Surgeon Turned Ostrich Farmer in Armenia: Small Outfits Face Ruin Due to Big Operators
More than 300 ostriches die of hunger. Tigran has no money to feed them.
Here’s another ostrich story from Armenia.
Tigran Khachatryan, a surgeon by profession, started raising ostriches just over seven years ago. He imported 24 one-month old baby ostriches from Iran. He put down his scalpel and devoted himself fully to the business.
Khachatryan claims that many holiday tables in Armenia’s villages now feature ostrich legs, replaced the omnipresent khozi bout (pork thigh). At one time, you could have bought ostrich meat, imported in small quantities, in Armenia for $40-$50 a kilogram.
“We’ve reached a point where one kilogram of ostrich meat sells for 3,000-4,000 AMD ($6-$8). You can say it’s the world’s cheapest ostrich meat. But when it comes to feeding the animals, we use the most expensive feed,” Khachatryan said.
Tigran now has thirty ostriches. He wants to sell them or, if necessary, to slaughter them. The one-time surgeon says ostrich breeding in Armenia is passé.
He says he took all risk factors into account before starting the business; all but one. He never expected a top government official to import a large number of ostriches to Armenia, thus destroying the market for the small operators.
Things started to go downhill when former Minister of Energy and Natural Resources Armen Movsisyan (now deceased), imported some 3,000 ostriches from Iran. He sold the meat for next to nothing; 1,000 AMD per kilo. After Movsisyan died in September 2015, the operation shut down. But by that time, many smaller businesses had already closed or were about to.
Khachatryan says that banks in Armenia don’t take into account the life cycle of ostriches when giving out loans. Ostriches become sexually mature at the age of 3-4, and that’s when breeders take out loans to make needed investments. But, says Khachatryan, the turn-around time to see results is four years. Repayments on loans start after the third or fourth month.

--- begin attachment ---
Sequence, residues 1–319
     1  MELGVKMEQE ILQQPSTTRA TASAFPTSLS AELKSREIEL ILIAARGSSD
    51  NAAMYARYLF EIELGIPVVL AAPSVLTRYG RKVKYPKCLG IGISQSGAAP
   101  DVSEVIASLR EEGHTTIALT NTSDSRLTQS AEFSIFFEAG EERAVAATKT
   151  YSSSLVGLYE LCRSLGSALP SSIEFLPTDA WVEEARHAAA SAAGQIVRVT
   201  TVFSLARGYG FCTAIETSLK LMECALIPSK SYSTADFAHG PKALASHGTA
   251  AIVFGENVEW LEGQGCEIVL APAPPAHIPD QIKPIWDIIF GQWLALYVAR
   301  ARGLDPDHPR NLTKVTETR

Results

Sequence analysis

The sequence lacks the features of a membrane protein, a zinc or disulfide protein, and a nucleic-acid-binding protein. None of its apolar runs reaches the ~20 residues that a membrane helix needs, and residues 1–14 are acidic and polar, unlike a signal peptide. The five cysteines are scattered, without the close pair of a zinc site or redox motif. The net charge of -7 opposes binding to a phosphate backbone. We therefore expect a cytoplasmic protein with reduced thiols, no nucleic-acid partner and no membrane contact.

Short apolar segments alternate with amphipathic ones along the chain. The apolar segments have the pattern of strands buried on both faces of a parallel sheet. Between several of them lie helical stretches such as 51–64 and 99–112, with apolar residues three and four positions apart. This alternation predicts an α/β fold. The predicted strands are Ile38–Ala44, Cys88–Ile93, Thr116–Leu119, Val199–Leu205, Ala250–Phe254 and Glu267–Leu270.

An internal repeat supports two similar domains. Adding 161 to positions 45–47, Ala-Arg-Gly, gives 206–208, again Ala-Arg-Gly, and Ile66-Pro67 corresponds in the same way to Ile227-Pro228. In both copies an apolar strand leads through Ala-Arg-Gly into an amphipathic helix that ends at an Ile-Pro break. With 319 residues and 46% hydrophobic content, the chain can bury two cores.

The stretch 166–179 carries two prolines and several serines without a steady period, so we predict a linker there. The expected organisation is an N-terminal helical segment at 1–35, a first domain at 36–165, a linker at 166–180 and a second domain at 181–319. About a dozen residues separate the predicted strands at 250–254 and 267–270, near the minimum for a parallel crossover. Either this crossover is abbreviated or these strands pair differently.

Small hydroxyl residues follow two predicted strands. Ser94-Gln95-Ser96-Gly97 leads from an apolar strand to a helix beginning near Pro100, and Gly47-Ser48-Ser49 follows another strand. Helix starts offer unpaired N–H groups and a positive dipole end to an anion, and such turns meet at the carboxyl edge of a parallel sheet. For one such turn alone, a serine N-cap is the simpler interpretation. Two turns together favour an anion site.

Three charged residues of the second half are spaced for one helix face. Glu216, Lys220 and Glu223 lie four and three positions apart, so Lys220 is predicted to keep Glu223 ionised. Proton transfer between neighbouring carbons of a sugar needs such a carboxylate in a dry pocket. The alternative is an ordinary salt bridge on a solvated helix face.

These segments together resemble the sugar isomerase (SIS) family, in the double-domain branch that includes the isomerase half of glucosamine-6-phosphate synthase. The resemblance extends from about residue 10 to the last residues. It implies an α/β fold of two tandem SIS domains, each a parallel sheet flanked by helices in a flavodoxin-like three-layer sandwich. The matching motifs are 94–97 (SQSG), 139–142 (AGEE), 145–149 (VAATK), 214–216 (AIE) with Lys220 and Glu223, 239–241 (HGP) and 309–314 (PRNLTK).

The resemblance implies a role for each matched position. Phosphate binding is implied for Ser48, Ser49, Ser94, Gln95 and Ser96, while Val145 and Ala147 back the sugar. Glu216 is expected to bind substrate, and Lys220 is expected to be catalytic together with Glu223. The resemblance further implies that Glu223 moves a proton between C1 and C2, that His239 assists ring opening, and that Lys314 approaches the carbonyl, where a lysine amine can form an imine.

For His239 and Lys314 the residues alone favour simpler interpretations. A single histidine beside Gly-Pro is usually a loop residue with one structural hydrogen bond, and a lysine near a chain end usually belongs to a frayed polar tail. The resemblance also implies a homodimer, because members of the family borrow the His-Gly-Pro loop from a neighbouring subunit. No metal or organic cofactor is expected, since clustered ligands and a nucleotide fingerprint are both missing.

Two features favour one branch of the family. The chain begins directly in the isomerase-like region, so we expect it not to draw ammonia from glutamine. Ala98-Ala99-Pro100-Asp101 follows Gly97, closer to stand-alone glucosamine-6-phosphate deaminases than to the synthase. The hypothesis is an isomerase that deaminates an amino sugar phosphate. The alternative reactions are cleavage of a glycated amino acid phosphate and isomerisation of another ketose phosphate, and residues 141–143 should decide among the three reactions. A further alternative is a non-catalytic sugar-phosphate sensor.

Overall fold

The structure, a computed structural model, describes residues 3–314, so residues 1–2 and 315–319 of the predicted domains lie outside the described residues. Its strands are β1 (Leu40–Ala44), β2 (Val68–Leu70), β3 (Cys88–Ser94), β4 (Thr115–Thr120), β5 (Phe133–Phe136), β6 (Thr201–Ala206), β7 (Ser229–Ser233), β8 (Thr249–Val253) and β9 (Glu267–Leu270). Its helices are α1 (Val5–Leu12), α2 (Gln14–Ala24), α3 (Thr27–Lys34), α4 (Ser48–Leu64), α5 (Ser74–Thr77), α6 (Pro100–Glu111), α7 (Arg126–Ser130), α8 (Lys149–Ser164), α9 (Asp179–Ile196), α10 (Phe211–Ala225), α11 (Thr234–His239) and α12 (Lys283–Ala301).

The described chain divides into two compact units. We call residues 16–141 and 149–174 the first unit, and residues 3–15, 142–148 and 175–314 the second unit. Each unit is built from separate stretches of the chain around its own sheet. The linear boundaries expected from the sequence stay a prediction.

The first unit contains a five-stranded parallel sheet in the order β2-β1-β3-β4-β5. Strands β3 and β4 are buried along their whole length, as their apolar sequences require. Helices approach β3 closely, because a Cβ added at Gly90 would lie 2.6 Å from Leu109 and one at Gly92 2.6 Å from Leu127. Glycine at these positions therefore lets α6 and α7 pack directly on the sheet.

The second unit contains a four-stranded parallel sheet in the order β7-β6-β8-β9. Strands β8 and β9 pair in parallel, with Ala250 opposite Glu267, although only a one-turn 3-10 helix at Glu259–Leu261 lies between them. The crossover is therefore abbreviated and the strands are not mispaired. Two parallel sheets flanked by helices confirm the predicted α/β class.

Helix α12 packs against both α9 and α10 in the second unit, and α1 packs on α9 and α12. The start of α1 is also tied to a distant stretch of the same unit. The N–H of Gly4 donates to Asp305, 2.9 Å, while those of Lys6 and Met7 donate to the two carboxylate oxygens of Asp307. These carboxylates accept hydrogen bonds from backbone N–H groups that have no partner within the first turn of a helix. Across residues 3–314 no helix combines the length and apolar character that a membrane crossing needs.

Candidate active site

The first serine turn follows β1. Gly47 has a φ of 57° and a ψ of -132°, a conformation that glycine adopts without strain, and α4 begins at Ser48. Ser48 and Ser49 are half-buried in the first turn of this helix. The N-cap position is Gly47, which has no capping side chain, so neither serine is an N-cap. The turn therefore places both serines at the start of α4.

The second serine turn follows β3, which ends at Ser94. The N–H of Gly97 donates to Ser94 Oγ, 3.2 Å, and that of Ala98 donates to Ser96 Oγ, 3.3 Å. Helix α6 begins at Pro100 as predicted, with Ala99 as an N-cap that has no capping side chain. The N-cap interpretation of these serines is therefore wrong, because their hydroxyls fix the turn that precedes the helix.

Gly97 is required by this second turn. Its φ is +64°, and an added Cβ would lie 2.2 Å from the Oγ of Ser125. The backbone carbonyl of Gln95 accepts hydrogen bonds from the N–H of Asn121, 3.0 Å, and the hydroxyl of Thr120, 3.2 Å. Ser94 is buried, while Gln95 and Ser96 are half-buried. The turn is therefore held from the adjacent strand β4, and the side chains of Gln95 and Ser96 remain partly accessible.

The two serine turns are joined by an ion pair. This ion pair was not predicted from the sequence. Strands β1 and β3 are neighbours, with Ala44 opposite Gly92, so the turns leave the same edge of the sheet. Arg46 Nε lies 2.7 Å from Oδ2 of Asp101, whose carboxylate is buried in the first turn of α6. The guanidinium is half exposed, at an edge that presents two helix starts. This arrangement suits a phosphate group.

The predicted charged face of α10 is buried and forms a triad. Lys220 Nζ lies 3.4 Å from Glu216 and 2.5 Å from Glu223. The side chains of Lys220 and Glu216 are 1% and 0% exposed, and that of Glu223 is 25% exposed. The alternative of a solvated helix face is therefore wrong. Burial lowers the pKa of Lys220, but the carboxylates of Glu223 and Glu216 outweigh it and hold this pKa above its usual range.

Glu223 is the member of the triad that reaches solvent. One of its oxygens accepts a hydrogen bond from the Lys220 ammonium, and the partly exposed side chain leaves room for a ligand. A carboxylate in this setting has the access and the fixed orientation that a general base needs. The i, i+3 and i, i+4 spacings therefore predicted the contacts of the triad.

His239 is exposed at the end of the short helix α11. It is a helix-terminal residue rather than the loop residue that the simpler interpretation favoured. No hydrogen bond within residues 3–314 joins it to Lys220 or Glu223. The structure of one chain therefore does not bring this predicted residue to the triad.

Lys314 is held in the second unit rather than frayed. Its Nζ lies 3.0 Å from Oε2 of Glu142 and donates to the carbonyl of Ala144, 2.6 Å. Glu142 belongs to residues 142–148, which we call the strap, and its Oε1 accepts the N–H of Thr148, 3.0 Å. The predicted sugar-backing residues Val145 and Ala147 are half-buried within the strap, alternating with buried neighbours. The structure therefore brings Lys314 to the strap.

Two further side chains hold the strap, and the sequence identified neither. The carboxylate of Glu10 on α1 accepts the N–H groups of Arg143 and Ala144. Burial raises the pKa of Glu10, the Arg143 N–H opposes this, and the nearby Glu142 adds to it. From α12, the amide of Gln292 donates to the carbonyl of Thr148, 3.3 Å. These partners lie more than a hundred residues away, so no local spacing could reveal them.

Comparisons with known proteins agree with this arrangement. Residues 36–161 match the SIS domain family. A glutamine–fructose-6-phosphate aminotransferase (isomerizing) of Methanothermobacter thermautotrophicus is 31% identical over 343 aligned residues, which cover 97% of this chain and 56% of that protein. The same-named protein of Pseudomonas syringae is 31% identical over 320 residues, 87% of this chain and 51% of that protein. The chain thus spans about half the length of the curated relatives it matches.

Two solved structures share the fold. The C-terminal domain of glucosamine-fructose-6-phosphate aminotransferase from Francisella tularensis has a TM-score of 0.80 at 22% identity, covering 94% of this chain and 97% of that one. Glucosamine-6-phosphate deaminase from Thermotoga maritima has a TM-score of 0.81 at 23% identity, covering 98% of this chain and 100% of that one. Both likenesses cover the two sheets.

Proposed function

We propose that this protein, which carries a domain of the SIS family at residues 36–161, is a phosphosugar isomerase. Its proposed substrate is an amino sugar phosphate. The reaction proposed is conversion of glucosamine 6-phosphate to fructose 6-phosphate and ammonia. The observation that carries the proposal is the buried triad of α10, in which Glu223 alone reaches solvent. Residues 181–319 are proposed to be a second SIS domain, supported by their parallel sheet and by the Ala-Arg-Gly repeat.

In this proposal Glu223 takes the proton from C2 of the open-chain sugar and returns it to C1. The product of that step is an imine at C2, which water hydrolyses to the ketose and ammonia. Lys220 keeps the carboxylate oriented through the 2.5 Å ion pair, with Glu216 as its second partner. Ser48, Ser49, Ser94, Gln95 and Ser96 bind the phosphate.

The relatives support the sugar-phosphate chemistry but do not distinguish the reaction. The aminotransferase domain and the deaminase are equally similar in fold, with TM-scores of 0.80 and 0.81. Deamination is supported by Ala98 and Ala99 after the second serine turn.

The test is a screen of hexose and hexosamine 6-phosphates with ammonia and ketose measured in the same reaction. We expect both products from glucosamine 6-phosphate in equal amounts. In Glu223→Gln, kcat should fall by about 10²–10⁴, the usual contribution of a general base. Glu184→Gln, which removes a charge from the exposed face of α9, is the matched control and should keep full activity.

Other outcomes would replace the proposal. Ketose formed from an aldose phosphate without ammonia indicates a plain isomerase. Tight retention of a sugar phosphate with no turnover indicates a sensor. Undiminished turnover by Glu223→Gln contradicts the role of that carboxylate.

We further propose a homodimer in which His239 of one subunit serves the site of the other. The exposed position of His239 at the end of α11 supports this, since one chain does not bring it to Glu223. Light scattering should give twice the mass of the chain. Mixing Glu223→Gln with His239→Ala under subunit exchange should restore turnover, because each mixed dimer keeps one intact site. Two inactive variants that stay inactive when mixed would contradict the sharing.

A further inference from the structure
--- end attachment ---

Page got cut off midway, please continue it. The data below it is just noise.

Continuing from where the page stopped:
Tigran is now in court for late loan payments. Heeding the message of Armenia’s new prime minister regarding government support to small and medium sized business, Khachatryan requested a meeting with agricultural minister Ignaty Arakelyan. The two met, but the ostrich breeder says the minister only offered platitudes, nothing specific.
“He told me to do the best I can and to set-up a cooperative with the big breeders. I told him that in this country the big outfits want to destroy anyone else, and that’s how things operate between the small and big firms. The big guy isn’t a businessman and doesn’t have a business mentality. The big outfits get their money from who knows where, from unknown sources,” Khachatryan says.
The government argued that banks and credit agencies are private firms and that the state can’t get involved. Khachatryan explained that he invested $230,000 into the business and that he has debts of $45,000. He’s placed all he owns as collateral, even his house. He now faces the possibility of losing it all.
“We have no other option but to sell the farm and relaunch the business in Russia,” says Khachatryan. He’s researched the Russian market and says that ostrich meat fetches a price 2.5 times more than in Armenia and that feed is three times less expensive.
He says that many ostrich farms have closed in Tavoush province. Hetq has recently written about the failed ostrich business of Slavik Zournachyan in the Tavoush village of Haghtanak.
Khachatryan says that in the past 1.5 years, 100 of his ostriches due for slaughtering and 220 baby ostriches, died from hunger. He didn’t have the money for feed.
“The bank has seized our last bit of cash as payment on the overdue loans. I don’t understand the reasoning. The only conclusion is that if you have a problem, it’s best if you just fold and go under. I also don’t understand the idea of penalties. Certain credit agencies levy 1% per day in fines and penalties for late payments. That’s 30% every month. I’ve never heard of such figures,” Khachatryan complains.
Khachatryan advises anyone thinking of going into business to first ponder the possibility that they might wind up in his predicament.
The surgeon turned ostrich farmer says he’s dealt with Armenia’s custom’s officials on two occasions and he doesn’t want to step inside the office again.
“They just place artificial obstacles in front of you. I want nothing more to do with them,” says a frustrated Khachatryan.
Photos: Davit Banuchyan